But the key reason separating the royalty is back in the spotlight, and central to Sandon’s argument, is BHP’s development plans.

BHP has kicked off studies on its South Flank development project, which it is considering as a replacement for its massive Yandi mine, which has between five and 10 years life left in it.

South Flank has the potential to be an 80 million-tonne-a-year mine with a life of about 30 years and importantly for Iluka, it sits within the royalty area – BHP’s mining lease 281 – whereas the ageing Yandi does not.

Sandon values the MAC royalty at $840 million to $940 million but says if BHP proceeds with South Flank as its replacement option for Yandi, the royalty could swell in value to $1.7 billion to $1.9 billion.

Calls for demerger

Sandon wants Iluka to demerge the royalty via an in-specie distribution to existing shareholders. Such a company could be listed in North America, where royalty-based companies such as Franco-Nevada and Labrador Iron Ore Royalty enjoy strong support, enough for it to take on a suggested $300 million of debt.

Iluka had net debt at June 30 of $124 million. The Sierra Rutile transaction, through which its assumes $80 million debt, takes its gearing as at June 30 from 8.7 per cent to 32 per cent, with Iluka noting it would repay the Sierra Rutile debt with its own facilities, which total $1 billion.

Iluka took control of Sierra Rutile only on December 7 so O’Leary has rightly said his priority is to successfully integrate it into the business while completing 2017’s budgeting process and conducting his review of the company.

As well as the MAC royalty, that review will include looking at the company’s two key development projects, Cataby in Western Australia and Balranald in NSW.

Iluka has roughly guided annual capital expenditure will average between $200 million and $250 million over the next five years and flagged this month it expects to spend $US60 million on operational improvements within Sierra Rutile over the next two years and a further $US160 million on the division’s growth projects over three to five years.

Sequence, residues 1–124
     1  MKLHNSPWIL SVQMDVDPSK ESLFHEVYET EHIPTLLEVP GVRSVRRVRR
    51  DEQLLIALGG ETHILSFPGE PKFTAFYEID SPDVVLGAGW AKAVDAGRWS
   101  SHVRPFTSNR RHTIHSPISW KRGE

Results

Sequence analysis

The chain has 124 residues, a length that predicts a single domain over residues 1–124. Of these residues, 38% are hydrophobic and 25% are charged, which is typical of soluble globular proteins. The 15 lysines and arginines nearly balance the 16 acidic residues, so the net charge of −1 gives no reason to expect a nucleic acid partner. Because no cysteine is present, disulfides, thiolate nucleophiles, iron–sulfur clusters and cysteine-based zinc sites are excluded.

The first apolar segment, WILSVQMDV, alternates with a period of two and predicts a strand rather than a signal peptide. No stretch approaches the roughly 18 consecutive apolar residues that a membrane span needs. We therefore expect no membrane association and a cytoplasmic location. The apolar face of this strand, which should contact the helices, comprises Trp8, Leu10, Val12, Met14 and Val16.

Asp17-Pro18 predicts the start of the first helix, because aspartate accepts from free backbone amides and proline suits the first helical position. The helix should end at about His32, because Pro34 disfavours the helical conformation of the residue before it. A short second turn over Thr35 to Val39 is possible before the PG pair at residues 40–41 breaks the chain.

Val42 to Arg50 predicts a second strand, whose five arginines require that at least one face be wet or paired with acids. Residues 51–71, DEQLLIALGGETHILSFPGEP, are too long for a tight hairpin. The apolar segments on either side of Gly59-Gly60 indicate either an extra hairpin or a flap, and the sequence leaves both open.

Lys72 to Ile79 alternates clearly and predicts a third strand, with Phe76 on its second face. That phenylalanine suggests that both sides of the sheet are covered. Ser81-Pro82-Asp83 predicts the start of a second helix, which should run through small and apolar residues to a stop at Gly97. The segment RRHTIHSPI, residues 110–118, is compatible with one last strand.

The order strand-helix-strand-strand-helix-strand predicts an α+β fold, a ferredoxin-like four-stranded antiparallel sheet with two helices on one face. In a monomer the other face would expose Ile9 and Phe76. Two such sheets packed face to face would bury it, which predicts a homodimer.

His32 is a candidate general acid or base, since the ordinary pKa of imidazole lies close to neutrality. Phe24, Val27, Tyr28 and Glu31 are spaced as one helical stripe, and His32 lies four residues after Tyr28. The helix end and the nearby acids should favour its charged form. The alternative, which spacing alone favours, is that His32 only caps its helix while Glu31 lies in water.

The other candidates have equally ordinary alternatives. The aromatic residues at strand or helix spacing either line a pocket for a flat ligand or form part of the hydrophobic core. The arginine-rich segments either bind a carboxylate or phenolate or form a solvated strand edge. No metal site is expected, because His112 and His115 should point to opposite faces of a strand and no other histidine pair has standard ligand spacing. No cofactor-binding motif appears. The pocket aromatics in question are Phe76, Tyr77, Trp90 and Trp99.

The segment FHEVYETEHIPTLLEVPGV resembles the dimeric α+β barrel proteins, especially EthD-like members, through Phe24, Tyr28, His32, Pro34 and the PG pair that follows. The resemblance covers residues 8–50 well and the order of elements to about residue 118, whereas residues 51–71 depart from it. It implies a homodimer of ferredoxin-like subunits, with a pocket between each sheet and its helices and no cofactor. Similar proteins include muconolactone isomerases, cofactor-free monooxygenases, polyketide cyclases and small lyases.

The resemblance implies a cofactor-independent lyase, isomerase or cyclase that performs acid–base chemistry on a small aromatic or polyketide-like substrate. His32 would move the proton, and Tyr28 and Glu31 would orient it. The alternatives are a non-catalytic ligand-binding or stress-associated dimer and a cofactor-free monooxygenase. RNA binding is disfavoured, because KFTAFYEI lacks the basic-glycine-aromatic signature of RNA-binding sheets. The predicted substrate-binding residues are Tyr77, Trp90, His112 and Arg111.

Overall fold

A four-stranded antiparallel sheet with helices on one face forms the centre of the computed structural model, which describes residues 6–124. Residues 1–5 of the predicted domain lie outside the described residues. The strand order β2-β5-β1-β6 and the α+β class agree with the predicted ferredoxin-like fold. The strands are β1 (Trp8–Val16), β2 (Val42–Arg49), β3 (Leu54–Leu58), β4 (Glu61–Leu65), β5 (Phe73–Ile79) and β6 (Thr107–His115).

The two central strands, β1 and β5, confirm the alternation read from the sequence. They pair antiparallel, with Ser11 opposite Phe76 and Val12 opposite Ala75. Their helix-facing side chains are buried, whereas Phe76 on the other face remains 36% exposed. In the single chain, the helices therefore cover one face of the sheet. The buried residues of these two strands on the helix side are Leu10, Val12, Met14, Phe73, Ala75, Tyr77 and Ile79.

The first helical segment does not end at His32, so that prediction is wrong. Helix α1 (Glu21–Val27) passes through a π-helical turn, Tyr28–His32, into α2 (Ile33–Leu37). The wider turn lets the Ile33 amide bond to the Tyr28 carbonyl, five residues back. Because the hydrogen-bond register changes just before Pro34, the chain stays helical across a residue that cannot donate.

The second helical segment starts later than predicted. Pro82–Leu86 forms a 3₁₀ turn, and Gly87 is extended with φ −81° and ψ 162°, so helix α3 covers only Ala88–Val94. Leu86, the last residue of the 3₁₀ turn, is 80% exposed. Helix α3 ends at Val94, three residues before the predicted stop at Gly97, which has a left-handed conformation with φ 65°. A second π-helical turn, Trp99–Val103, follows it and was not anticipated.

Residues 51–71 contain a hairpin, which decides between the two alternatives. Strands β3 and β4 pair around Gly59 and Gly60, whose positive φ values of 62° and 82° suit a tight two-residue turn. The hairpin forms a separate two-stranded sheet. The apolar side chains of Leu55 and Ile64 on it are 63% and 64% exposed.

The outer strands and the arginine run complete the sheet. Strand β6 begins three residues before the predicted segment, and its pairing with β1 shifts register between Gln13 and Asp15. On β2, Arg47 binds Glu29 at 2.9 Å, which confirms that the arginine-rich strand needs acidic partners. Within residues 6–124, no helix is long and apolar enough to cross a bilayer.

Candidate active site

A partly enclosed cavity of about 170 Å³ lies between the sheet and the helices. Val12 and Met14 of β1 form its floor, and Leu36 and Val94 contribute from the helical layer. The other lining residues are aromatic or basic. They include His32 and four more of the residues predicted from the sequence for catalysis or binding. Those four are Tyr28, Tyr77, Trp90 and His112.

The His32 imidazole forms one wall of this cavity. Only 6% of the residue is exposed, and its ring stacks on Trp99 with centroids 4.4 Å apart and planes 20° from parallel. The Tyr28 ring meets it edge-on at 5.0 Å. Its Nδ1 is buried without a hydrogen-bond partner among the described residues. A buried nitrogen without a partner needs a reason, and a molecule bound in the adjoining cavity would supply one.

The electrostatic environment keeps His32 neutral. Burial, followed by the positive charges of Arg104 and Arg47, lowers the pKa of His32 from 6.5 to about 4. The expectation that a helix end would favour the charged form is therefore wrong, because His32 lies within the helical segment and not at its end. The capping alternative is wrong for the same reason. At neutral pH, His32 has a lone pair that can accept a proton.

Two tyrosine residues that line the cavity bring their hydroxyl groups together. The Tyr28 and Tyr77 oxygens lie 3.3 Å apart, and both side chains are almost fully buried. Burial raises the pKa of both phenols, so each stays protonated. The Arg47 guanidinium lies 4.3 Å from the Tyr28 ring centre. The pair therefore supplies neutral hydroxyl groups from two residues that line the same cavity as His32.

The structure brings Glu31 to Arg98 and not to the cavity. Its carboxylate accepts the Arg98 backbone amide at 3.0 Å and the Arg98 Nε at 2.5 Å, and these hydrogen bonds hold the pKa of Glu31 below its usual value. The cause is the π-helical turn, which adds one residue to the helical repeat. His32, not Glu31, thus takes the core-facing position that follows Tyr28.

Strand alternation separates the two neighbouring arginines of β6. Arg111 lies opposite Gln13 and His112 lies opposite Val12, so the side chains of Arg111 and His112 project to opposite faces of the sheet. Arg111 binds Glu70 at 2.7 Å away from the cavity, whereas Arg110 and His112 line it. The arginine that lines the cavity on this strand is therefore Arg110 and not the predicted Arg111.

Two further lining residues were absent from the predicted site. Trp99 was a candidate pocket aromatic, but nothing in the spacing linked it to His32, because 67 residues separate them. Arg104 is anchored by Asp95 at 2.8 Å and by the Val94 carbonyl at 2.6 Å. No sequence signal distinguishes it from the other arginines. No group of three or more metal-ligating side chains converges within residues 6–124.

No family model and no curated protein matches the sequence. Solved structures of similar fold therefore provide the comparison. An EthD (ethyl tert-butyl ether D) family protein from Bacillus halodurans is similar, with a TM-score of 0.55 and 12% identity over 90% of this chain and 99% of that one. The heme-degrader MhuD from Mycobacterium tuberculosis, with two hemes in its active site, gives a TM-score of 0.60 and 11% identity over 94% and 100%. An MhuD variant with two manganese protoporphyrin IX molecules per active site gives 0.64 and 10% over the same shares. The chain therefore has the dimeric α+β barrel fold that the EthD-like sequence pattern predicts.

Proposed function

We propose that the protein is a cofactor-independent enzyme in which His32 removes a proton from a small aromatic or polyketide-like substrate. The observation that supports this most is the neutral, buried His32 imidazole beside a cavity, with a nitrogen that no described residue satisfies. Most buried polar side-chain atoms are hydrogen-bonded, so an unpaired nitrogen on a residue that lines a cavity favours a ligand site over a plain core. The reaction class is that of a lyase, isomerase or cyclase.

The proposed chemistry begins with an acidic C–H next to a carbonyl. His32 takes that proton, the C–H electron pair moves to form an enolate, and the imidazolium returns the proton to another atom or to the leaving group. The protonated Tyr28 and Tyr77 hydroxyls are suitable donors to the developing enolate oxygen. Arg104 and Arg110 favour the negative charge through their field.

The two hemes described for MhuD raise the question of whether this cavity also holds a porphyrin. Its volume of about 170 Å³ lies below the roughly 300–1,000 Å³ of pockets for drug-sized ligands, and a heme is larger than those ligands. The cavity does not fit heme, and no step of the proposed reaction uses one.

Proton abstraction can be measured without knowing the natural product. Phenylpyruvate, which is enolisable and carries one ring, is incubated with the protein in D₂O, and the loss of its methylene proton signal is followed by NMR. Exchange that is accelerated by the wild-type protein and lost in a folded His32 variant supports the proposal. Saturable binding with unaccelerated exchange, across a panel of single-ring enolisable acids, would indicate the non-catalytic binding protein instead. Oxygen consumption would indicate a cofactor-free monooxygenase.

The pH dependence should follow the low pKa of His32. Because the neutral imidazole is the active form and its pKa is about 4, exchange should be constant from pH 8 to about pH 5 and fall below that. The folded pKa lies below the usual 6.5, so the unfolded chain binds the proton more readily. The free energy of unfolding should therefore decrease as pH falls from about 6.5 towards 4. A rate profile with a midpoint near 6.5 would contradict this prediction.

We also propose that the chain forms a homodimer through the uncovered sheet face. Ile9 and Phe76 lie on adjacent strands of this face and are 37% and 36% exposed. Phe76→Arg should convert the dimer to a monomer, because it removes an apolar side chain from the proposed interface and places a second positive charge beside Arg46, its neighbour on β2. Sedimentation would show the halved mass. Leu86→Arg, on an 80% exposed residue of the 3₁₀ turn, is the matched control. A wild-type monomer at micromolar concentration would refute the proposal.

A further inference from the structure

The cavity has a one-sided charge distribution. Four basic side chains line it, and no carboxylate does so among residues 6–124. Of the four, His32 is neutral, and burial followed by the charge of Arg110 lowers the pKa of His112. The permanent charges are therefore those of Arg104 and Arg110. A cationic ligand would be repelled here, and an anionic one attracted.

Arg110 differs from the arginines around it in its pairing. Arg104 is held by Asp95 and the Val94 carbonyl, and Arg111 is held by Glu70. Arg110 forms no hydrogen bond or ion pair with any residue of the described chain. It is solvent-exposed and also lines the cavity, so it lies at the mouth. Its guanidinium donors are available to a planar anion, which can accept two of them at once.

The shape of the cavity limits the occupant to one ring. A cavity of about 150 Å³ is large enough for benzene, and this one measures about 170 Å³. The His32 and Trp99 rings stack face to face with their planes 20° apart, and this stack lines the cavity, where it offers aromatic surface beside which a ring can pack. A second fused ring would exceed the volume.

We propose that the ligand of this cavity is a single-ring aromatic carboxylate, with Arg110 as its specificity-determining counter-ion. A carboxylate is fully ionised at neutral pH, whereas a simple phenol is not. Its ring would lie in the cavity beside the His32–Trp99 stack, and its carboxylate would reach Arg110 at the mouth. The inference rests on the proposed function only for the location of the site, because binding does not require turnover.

And this is where it gets interesting.

Tax implications

Given that chunky capex list, there is a view in the market Iluka would be wise to become more comfortable with the trajectory of mineral sands prices and BHP’s intentions in regards to South Flank before making a decision on any split.

Analysts are unlikely to factor in the South Flank upside until BHP confirms the project as its preferred option and any spin-off is likely to take about 18 months to arrange regardless, which makes pegging the iron ore price environment very difficult, given its relative volatility over the past two years.

When iron ore prices were climbing towards their peak in 2011, Iluka publicly contemplated spinning off the royalty, which it then valued at about $1.5 billion, but opted to hold on, which in hindsight was well-timed considering the resultant descent of mineral sands prices.

A 2003 bid for the royalty, understood to be about $100 million, received through a formal sale process conducted as Mining Area C began production was also decided against, reportedly due to shocking capital gains tax implications.

A direct sale of the royalty remains unlikely to be in shareholder interests as it is currently held on Iluka’s balance sheet at $5.1 million.

There is also a possibility ratings agencies and Iluka’s lenders could recast their eyes over the miner’s debt if it flipped out the reliable revenue stream.

Given the technical challenges, one astute analyst tips that O’Leary is likely to review the royalty’s position, have it poised for action but then work to trim the company’s debt.

If a time comes when its gearing is lower but the iron ore price remains robust, then the eject button could be polished off.